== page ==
Appreciation of Culture

Through field trips to museums and other activities, children gained an appreciation of culture in general and their African American culture in particular (Thompson 2017). All the children agreed they liked and enjoyed going on field trips. They said they enjoyed learning about other cultures and especially, about African American historical figures.

Parents appreciated their children learning about other cultures and their own African American culture as well (Rhomes, 2015). One parent stated her “daughter has a better understanding of being a Black person and some knowledge of other cultures.” All parents stated they liked the fact that their children had field trips to museums and this motivated them to have family field trips to the museums as well.

Teachers agreed that the children needed more exposure outside of their neighborhood in order to understand African-American culture and heritage. Teachers also agreed that the children have a deep hunger and interest for learning about Black history. The teachers stated most of the children do not know their history and have negative stereotypes about their race and heritage. Teachers were motivated to help change this by incorporating Black history and culture into their lesson plans.

Parental Involvement

The ASP also made a concerted effort to encourage parental involvement (Norman, 2014) in school activities in support of their children’s academic achievement. It quickly became clear that some activities generated more parental interest than others. Teachers were surprised that parents will come to see their children participate in extracurricular activities such as athletic competitions, plays, dance recitals, martial arts demonstrations and the end of the year awards ceremony, but were reluctant to engage in the academic side of the program.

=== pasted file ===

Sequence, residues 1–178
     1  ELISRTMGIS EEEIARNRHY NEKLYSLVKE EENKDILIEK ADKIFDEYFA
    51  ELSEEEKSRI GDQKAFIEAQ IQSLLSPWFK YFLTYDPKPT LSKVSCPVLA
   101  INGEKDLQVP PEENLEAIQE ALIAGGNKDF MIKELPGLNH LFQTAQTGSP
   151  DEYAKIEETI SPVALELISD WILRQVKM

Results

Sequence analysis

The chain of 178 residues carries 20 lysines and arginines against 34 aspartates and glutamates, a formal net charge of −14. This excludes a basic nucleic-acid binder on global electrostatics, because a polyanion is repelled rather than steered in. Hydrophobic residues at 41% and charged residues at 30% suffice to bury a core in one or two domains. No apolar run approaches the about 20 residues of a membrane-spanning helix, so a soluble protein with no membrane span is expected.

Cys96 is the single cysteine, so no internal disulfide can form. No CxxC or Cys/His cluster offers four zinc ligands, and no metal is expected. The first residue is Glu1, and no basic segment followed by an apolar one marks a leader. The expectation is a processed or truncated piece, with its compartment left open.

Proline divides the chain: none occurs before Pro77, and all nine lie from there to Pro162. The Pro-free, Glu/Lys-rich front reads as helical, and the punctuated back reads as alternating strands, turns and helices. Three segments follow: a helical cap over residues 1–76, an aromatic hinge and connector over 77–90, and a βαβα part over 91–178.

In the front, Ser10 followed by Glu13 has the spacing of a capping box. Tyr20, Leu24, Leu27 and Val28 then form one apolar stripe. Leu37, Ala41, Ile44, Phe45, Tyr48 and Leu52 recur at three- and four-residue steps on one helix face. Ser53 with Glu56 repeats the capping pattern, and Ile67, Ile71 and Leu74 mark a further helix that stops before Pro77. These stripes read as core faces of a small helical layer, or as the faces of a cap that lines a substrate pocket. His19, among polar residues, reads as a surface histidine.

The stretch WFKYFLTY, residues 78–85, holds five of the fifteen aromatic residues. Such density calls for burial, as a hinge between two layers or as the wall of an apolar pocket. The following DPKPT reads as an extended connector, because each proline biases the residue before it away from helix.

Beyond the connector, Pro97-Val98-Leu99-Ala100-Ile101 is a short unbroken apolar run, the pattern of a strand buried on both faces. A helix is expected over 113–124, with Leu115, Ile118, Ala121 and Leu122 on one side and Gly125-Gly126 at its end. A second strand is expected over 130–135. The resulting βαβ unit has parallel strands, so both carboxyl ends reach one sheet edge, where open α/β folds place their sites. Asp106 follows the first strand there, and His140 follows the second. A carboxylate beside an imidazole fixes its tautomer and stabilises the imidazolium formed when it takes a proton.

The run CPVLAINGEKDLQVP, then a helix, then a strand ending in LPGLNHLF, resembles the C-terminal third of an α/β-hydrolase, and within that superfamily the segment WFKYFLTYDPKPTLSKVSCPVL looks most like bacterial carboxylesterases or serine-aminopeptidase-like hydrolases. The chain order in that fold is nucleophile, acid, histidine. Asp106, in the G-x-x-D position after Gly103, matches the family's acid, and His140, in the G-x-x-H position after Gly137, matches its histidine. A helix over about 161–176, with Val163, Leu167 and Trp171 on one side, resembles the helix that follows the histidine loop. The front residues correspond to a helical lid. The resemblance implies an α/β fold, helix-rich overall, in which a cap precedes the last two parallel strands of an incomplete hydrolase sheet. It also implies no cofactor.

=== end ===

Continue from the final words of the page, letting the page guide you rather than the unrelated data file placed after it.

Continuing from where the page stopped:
Parents indicated that their own educational limitations impacted their ability to help their children. For example, many stated that the afterschool homework assistance is important because many parents do not have the academic knowledge to assist their children with their homework.

Although parental involvement in academically-focused activities was not as great as teachers would have liked, parents agreed the program has assisted them in being better parents. For example, parents said

  • “The program calmed me down. I now give my child more time to understand and finish her homework and not yell at her.”

  • “The program has made me want to go back to school.”

  • “I am more involved in the academics of my child and I have more time to get dinner ready and interact with my child due to the ASP.”

Parents stated they were thankful that teachers also taught life skills and were concerned about the students’ well-being. They agreed that the teachers are special and act as role models for them, and assist them in how to be more effective in dealing with their children.

Lessons Learned and Suggestions for ASP Development

In summary, the evaluation of the ASP showed that most students began the school year at a below basic or basic level in math and reading. By the end of the school year, grades, in reading and math, had significantly improved for these students. Some students moved from below basic to basic and a significant number moved to proficient. In the focus groups, students and teachers noted that the children responded well to the different interactive reward-based teaching techniques used in the ASP.

Increased confidence and self-control were also noted by children, parents/guardians, and teachers. As children’s reading and math skills improved, they became more enthusiastic about learning. Parents appreciated that the ASP staff helped with homework because parents/guardians often lacked the confidence and skills to do so themselves. In fact, the statements of some parents and guardians strongly suggested that their previous lack of involvement in the school was often due to their embarrassment about their own academic limitations.